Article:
David Diamond long
outlived his contemporaries. He is of
that group of American composers who
came to eminence in the 1940s. This
group includes Harris, Piston, Schuman
and Copland with Sessions, Hanson, Creston
and Mennin clustered just outside the
Diamond was born in
Rochester, New York. He studied with
Bernard Rogers (time for a Rogers revival
please!), Sessions and Boulanger. He
is much associated with the Juilliard
School which he joined in 1973. His
catalogue runs to eleven symphonies,
eleven string quartets, three violin
concertos and more than one hundred
songs. His Fourth Symphony must have
one of the most sheerly beautiful shimmeringly
mobile first five minutes of any 20th
century symphony; though Rorem runs
him close. I owe it to a BBC Radio 3
series in 1980 that I heard the Bernstein/NYPO
recording of Diamond 4 in all its glistening
impressionistic glory; you can hear
it on a Sony/CBS CD still in the catalogue.
It comes as no surprise that Diamond
also wrote a Ravel Elegy.
Diamond had a selection
of his symphonies recorded by the Seattle
Orchestra and Gerard Schwarz in the
1990s on Delos. Naxos have reissued
these and will perhaps fill the gaps.
Outside the adopted Naxos series there
has been plenty of other activity including
the recent set of songs on Albany -
the momentous Albany and Steve Honigberg-Potomac
series of Diamond's string quartets
and a Diamond volume in the Naxos Milken
There's a real danger
that you might overlook this 1999 Diamond
chamber music contribution from Centaur.
The 1951 Piano Trio
was written in his home town of
Rochester. It is in four movements and
was premiered in San Francisco by the
Alma Trio in 1953. It is an awkward,
angry and at times dissonant work in
the manner of late Bartók. This
is relieved by lyrical sustenance from
the string instruments. The emotionally
icy Bergian expanses of the adagio give
way to the cold playfulness of the Scherzo.
In the finale we return to the brutality
and exhaustion of the first with cold
Scarlatti-style dancing material for
The Piano Quartet
dates from the years when Diamond
was studying in France with Boulanger.
Written in Fontainebleau it was premiered
by the Belgian Piano Quartet. The composer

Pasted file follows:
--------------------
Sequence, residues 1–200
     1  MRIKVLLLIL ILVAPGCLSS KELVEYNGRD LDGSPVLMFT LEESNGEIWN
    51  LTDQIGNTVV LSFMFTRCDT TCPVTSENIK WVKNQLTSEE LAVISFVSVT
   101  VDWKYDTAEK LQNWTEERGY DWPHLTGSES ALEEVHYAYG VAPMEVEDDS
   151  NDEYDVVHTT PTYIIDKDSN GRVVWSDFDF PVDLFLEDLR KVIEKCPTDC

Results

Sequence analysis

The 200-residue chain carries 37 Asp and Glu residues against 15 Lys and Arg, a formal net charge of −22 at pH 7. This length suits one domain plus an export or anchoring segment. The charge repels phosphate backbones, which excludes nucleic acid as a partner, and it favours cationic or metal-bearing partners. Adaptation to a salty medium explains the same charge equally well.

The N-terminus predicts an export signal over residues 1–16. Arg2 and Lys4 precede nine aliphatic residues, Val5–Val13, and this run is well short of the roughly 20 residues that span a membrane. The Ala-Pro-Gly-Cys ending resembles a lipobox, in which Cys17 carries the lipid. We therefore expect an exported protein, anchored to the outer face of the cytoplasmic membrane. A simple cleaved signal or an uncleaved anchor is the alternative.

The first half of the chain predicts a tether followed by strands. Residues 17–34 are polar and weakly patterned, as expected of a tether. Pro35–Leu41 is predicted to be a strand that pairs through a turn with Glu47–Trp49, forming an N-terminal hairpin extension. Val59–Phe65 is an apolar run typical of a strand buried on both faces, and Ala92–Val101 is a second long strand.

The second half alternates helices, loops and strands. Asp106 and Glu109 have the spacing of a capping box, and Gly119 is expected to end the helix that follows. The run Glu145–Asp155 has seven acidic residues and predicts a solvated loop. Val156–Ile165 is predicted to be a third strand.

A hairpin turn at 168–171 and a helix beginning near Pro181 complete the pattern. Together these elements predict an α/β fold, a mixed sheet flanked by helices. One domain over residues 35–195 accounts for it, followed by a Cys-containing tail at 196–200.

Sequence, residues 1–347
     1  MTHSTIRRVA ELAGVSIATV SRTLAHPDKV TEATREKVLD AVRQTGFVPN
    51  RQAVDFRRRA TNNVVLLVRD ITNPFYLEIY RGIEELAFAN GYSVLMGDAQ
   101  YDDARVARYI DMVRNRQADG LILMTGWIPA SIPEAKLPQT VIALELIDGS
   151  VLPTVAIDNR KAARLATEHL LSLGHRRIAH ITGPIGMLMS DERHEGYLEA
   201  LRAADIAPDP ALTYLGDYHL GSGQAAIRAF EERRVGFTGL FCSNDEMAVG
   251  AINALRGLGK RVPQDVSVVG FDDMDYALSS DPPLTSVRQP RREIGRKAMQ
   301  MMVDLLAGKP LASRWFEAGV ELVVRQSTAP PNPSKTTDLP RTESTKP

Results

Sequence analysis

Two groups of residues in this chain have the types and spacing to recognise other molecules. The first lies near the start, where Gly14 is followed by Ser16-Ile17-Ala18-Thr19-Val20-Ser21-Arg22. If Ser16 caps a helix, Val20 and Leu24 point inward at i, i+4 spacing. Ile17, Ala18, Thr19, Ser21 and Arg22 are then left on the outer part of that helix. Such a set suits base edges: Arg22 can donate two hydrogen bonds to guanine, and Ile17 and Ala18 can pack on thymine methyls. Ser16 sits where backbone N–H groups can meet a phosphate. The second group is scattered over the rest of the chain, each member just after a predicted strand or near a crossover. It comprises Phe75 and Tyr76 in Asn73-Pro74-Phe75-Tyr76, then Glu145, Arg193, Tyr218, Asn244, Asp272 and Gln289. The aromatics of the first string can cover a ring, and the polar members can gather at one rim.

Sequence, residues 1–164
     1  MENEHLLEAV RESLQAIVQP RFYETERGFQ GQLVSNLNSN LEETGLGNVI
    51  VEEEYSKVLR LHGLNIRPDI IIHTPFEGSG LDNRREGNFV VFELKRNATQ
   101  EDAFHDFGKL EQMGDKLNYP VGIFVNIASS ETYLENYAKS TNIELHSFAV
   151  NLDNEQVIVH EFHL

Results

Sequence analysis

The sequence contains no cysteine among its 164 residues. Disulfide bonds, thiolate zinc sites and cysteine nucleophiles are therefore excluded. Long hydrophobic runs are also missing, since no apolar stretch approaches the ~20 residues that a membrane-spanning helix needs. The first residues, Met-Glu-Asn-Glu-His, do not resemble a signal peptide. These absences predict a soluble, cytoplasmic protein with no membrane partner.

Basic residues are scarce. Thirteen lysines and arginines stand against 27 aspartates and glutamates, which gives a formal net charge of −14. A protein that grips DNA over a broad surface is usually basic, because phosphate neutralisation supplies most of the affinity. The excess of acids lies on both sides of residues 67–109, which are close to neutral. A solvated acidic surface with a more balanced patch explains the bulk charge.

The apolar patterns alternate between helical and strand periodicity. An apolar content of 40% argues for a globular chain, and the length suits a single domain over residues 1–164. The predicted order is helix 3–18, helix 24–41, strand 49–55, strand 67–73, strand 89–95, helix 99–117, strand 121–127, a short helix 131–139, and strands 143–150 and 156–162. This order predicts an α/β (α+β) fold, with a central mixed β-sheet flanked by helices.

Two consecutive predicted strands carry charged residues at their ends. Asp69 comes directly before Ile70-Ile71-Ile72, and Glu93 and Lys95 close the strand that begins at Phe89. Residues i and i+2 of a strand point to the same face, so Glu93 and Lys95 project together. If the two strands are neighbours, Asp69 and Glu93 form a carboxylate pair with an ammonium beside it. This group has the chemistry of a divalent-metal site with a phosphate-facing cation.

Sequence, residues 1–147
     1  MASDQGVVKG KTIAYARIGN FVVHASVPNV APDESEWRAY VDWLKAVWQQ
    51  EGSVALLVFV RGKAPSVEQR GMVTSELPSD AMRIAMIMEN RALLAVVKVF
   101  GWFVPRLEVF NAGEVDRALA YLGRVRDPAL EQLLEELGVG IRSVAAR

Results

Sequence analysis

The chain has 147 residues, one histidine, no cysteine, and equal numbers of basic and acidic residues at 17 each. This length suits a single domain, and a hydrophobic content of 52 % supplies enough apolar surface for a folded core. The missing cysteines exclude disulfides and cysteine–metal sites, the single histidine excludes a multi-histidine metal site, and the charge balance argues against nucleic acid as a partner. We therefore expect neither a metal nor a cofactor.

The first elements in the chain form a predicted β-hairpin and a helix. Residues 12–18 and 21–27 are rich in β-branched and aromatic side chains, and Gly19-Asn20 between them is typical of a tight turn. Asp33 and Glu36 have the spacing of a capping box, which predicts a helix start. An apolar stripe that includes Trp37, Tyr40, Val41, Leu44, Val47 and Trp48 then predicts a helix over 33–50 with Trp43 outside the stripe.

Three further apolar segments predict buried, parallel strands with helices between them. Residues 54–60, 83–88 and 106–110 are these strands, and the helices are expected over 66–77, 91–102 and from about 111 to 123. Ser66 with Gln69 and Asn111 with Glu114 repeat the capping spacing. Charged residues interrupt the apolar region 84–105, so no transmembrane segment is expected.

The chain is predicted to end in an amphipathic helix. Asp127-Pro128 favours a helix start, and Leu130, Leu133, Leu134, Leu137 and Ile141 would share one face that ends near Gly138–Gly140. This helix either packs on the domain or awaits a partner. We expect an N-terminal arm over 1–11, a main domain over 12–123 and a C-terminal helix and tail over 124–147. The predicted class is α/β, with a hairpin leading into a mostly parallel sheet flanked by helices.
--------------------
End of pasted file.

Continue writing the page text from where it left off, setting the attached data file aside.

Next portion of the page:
made revisions to it in 1967. It is
in six movements. After a pondering
Intrada comes an exhilarating
fury of an allegro brioso and
the first of two Ritornellos.
Here inventive use is made of the stereo
spread to divide violin and viola. A
wild mezzo-forte dance comes next with
smiling sparks flying in all directions.
The second Ritornello is gangly
and angular in the piano part with contrasting
meditative material for the strings.
This rises towards a paean of the type
Panufnik achieves in his string writing.
The finale is just as engaging as that
confiding allegro brioso with
a peg-legged dash to the proceedings
and a deeply earnest climax nicely accentuated
by the piano's valedictory curse.
The String Trio
is dedicated to members of the Coolidge
Quartet and was first performed in Washington
DC by the dedicatees in 1938. It was
not until 1996 that it had a New York
premiere at the hands of the Notre Dame
Trio. The work is in three movements.
The outer ones have the smiling carefree
delight in speed that we know from Tippett's
string writing at exactly the same time.
Spun in among this rich material we
catch glimpses of similar writing in
Bartók and Moeran where the wind
stirs the dust just as much as the stamping
of dancing feet. The tripartite middle
movement is so inward that it might
almost be devotional.
The liner-notes give
us the essentials. The performances
seem ideal. The recording quality is
close-up and vivaciously realistic.